In early October 2019, reports began circulating that President Trump’s eldest daughter Ivanka had secured trademarks for voting machines, among other products, in China. (Update: A similar rumor holding that Ivanka Trump owns a Chinese trademark for coffins emerged during the COVID-19 pandemic in 2020.)
There seemed to be little doubt about the veracity of the claim, as substantiated by news reports initially published in November 2018. But social media users began sharing the claim a year later in conjunction with the commencement of an impeachment inquiry into President Trump spearheaded by Democratic lawmakers.
A whistleblower complaint made public in September 2019 accused President Trump of attempting to coerce Ukraine into collecting damaging information about former vice president Joe Biden, Trump’s potential rival in the 2020 presidential elecion. In defending himself, Trump and his supporters adopted two narratives.
In one narrative, Trump and his defenders lobbed unfounded allegations that it was Biden, not Trump, who was guilty of coercing Ukraine by strong-arming that country into firing a prosecutor for investigating a company on which Biden’s son held a paid board position. In the other narrative, Trump and his defenders declared that Trump was simply attempting to root out corruption when he leaned on Ukraine to investigate the Bidens:
As President I have an obligation to end CORRUPTION, even if that means requesting the help of a foreign country or countries. It is done all the time. This has NOTHING to do with politics or a political campaign against the Bidens. This does have to do with their corruption!
— Donald J. Trump (@realDonaldTrump) October 4, 2019
In the midst of that scandal, Trump upped the ante by stating on live national television that “China should start an investigation into the Bidens, because what happened in China is just about as bad as what happened with Ukraine.”
Trump’s critics have latched on to the second defense and his statements about China, pointing to the fact that Trump and his immediate family members currently serving in the White House also have well-documented overseas business interests, including the securing of multiple trademarks for products in China:
Somebody, anybody, explain how anything Joe or Hunter Biden are alleged to have done in Ukraine is even a fraction as corrupt as the fact that Ivanka Trump is involved in the manufacturing and distribution of voting machines in the U.S.
— James "Stay-at-Home" Morrison (@JamesPMorrison) October 9, 2019
In November 2018, the government transparency advocacy group Citizens for Responsibility and Ethics in Washington (CREW) published a statement linking to source documents revealing that “Presidential adviser Ivanka Trump’s fashion brand had just won first trial approval for 16 new trademarks (which had been applied for back in 2016) from the Chinese government. These approvals come about three months after Ivanka announced that her brand was shutting down, and mark the largest number of new Chinese trademarks she has received in a single month since President Donald Trump took office.”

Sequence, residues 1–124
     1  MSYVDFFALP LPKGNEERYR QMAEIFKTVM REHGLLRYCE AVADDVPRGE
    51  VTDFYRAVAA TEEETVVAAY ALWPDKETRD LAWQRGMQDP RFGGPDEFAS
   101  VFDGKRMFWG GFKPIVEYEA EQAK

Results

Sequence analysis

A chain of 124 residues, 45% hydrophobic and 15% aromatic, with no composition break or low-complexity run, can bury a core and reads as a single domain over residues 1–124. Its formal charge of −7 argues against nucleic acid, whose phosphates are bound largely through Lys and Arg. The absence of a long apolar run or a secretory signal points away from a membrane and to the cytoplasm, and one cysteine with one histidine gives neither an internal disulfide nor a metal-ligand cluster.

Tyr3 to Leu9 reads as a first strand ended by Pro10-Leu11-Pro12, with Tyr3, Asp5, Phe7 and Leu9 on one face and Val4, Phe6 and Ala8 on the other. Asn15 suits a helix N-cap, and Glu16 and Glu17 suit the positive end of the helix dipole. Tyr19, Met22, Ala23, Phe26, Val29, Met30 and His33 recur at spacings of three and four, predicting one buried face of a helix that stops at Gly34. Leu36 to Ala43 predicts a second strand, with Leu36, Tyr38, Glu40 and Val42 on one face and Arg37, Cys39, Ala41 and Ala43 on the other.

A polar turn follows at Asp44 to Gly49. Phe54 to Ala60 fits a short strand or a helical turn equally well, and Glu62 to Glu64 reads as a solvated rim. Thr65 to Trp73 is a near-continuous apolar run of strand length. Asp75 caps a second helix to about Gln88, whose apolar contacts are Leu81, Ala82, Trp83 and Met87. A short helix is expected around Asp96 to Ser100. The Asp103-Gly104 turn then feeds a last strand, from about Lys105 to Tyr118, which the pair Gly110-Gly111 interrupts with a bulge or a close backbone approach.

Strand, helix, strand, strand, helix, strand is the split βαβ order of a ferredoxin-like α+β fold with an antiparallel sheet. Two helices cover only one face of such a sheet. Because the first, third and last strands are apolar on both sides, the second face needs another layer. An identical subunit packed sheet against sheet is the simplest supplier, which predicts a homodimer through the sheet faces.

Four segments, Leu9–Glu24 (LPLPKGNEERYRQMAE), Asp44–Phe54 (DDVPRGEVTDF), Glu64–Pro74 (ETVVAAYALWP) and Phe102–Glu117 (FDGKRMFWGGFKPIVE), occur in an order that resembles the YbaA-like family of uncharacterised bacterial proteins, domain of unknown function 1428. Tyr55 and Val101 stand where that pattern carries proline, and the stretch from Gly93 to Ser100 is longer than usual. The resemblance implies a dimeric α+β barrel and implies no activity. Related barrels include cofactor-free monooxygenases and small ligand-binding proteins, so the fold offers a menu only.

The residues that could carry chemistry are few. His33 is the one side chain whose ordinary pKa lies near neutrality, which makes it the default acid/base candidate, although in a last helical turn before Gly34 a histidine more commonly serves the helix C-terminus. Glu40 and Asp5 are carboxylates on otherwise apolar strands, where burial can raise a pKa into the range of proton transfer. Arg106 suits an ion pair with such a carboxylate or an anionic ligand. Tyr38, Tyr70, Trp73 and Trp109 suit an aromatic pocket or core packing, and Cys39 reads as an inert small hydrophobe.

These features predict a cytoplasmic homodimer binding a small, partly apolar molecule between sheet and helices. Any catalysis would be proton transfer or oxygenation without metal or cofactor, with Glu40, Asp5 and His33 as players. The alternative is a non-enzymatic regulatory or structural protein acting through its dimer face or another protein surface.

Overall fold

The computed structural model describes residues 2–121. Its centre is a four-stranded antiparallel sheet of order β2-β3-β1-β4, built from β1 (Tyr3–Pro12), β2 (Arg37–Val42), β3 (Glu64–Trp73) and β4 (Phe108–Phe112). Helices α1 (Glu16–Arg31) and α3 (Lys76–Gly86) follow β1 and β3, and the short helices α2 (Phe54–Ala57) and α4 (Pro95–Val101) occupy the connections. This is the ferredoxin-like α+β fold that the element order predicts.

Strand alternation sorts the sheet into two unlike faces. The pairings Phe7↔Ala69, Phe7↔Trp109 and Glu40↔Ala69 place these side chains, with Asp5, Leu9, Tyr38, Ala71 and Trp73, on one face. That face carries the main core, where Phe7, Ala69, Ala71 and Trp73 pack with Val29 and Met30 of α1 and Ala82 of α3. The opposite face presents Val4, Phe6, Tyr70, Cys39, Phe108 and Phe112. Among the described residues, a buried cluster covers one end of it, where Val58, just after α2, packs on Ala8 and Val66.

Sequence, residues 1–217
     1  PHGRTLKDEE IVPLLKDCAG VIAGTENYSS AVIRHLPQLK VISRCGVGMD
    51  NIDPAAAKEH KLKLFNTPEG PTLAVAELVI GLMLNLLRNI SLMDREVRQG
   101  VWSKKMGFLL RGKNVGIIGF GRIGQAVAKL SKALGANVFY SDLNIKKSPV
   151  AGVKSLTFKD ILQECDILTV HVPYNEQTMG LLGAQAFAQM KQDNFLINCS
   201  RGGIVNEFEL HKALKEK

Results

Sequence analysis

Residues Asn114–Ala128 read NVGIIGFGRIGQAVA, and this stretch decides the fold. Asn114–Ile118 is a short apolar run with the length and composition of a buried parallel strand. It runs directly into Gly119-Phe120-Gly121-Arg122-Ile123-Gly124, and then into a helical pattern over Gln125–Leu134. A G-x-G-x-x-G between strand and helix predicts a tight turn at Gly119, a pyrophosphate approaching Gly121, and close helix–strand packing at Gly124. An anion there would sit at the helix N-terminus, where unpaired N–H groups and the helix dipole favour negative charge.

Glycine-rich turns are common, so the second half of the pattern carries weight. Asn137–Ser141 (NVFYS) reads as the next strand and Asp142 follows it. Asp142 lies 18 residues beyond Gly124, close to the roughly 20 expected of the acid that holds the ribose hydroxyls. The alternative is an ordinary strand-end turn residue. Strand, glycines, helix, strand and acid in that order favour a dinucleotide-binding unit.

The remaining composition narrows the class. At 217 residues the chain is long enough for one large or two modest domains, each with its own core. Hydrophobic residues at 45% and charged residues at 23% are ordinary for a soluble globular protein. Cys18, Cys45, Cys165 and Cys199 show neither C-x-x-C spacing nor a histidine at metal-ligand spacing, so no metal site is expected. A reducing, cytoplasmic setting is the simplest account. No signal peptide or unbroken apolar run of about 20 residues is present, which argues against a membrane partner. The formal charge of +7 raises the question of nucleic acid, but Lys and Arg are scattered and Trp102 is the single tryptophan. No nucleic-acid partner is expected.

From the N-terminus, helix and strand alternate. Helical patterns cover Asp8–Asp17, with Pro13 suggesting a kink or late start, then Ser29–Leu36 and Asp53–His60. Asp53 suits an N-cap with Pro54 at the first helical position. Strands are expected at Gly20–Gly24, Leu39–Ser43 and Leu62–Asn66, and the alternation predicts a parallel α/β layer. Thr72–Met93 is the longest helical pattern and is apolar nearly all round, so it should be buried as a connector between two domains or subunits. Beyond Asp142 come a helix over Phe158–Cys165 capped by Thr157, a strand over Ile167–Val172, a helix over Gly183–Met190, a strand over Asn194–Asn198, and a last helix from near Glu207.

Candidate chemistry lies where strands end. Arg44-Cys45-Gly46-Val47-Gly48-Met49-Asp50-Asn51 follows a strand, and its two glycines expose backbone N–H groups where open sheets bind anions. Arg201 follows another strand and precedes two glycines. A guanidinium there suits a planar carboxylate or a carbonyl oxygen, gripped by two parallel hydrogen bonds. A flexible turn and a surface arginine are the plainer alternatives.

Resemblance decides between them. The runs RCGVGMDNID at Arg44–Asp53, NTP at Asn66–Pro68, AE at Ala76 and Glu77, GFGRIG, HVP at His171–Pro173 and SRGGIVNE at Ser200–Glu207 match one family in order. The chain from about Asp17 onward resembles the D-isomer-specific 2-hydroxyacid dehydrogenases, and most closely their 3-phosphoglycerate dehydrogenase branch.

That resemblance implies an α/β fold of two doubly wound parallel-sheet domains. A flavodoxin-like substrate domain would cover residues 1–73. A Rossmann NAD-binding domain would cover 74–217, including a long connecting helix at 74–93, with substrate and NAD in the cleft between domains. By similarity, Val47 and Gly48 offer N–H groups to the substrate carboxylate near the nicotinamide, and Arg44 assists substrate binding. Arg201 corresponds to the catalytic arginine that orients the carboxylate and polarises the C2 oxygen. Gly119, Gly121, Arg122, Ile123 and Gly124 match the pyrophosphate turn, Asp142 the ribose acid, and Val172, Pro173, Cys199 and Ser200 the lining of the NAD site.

Although Ivanka Trump declared in July 2018 that she would be shuttering her namesake clothing brand, CREW stated that the trademarking of Ivanka Trump-branded items in China continues to be ethically problematic:
The newest Chinese trademarks cover fashion items including handbags, shoes, wedding dresses, and jewelry. (Ivanka’s business has previously relied on a Chinese manufacturer to supply handbags, shoes, and clothing.) The trademarks also cover items including nursing homes, sausage casing, and voting machines. Ivanka’s business applied for these trademarks in 2016.
This is far from the first time that Ivanka’s Chinese trademarks have raised ethics questions. In May 2018, Ivanka Trump’s business received approval for several new Chinese trademarks a week before President Trump announced that he wanted to lift the ban on the Chinese company ZTE, for violating US sanctions. In 2017, the business received three new Chinese trademarks on the same day she dined with Chinese President Xi Jinping.
Ivanka receives preliminary approval for these new Chinese trademarks while her father continues to wage a trade war with China. Since she has retained her foreign trademarks, the public will continue to have to ask whether President Trump has made foreign policy decisions in the interest of his and his family’s businesses.
Although Ivanka Trump’s now reportedly shut-down brand may hold a variety of trademarks in China, it’s unlikely she’ll be involved in manufacturing sausage casings, coffins, or voting machines in the foreseeable future.